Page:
The game world has been strongly crafted to feel like the world Robert E. Howard described. Each climate feels unique and true to the nature. Icy, snowy lands look and feel cold, and the warmer, jungle areas are just as true to life. Visually, they captured both the spirit of the novels and did it with some really high-end artistry.

However, I cannot say the same attention was given to the story. All the quests were fine and did a good job of weaving the game’s themes into adequate situations, but they were not anything special. I still found myself wrestling with the dialogue trees and quickly began to skip through to the end. The only thing that kept my attention was the fact that they put a lot of effort into truly top-notch voice acting. It is by far the best I’ve seen in an MMOG, but sadly the words coming out in my limited experience didn’t match.

The most obvious example is the first story. The player begins as a rowing slave from a wrecked ship. You wash up on shore and of course undergo the forgivable artificiality of a tutorial, but while I understand and applaud the need to explain things away, the logical leap they make is laughable. Funcom wants players to feel like a hero from the start, and they succeed in that, but I’d say they do it in spite of the story. Quite literally, your character has hit his head and remembers nothing of what he was before his years as a slave. The epic quest, from the first few levels I played, seems to be all aimed at unlocking the memories of your undoubtedly heroic past life. The story neatly wraps everything into a nice generic package, as is necessary, but it’s been done and done to death. I saw the Bourne movies and I beat Assassin’s Creed, and those two were already using a tired clich√©, albeit effectively. I was disappointed to see it recycled into Age of Conan. I had hoped for more from a game with such a rich intellectual property behind it.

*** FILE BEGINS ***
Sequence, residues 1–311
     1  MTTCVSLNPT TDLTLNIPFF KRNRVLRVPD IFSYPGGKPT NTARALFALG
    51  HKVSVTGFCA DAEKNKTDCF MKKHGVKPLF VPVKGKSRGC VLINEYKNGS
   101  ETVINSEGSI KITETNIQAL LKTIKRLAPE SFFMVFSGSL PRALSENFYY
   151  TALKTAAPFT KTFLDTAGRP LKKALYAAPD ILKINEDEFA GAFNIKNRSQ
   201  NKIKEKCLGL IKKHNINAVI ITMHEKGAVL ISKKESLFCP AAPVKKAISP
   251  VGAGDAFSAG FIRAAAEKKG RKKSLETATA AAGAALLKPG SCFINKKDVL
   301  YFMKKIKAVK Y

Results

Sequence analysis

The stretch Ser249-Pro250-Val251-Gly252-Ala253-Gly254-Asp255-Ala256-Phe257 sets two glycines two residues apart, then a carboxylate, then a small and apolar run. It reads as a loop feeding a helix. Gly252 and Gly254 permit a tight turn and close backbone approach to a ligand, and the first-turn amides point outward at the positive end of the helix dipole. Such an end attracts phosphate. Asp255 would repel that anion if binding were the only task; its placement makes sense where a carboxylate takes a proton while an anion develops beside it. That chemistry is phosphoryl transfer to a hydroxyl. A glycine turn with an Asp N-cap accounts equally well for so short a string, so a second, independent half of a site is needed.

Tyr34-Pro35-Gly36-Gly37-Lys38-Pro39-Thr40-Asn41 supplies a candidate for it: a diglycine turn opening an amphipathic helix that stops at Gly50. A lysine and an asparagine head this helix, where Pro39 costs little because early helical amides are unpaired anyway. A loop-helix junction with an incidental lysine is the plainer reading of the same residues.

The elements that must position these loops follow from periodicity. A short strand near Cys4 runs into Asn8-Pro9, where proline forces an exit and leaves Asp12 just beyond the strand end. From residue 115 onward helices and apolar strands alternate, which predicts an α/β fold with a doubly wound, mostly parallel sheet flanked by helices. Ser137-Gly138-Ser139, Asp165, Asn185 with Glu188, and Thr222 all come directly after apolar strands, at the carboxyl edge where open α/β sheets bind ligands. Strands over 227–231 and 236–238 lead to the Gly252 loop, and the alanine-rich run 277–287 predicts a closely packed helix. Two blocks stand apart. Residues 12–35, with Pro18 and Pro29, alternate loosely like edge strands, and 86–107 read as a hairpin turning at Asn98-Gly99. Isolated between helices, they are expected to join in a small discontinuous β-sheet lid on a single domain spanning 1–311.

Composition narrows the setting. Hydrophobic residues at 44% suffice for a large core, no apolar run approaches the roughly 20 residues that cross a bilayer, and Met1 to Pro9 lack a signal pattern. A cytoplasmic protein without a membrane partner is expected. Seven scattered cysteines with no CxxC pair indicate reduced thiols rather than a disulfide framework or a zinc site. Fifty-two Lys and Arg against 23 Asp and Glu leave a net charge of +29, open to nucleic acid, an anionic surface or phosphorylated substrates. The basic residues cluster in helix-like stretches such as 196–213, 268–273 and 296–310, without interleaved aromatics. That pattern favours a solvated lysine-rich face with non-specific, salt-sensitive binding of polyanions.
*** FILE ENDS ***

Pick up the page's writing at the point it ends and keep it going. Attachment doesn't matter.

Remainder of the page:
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The amazingly detailed characters and world help the game overcome that story and really capture the IP, but they could also be the game’s ultimate commercial Achilles’ heel. I am all for the advancement of 3-D graphics technology, and I love a pretty screenshot as much as the next guy, but I also want a game that I can run on my computer at home. I was surprised and impressed that Age of Conan was as stable and polished as we found it. There were minimal glitches and the game ran smoothly, but it did so on a PC with more neon lights than a suped-up Honda Civic.

This to me is the biggest mistake MMOG companies have made since World of Warcraft. At every conference, the MMOG developers gather around and talk about what lessons they learn from WoW. Yet, I have yet to see one get the single most important thing WoW did correctly: run on a PC that a huge percentage of the population and likely anyone who halfway considers himself a gamer, owns. The system requirements are sane, and they open the game to a huge audience that these boundary-pushing titles cannot. The barriers to entry in an MMOG are already so high, why add another with system requirements? Let Crytek overheat people’s 8800s and make MMOGs that regular people can run.

That said, Funcom seems to be cognizant of what their game is and what it is not, and I believe their expectations are in line with the limitations their system requirements place upon the game’s ultimate subscriber numbers.

Age of Conan is the refreshing anti-WoW in an age of clones. It clearly took some lessons from the King, but it does not appear that they made decisions based on whether or not WoW did them. In some ways, it is very familiar; in others, completely innovative; and in yet more ways, harkens back to MMOGs that preceded WoW in a very good way. It’s clear that this game is the result of years of experience from MMOG veterans and while its not perfect and most definitely not for everyone, it has the potential to carve out a niche and succeed where so many other games have failed. Age of Conan is slated to hit stores on March 25, 2008 with a string of beta tests in the interim.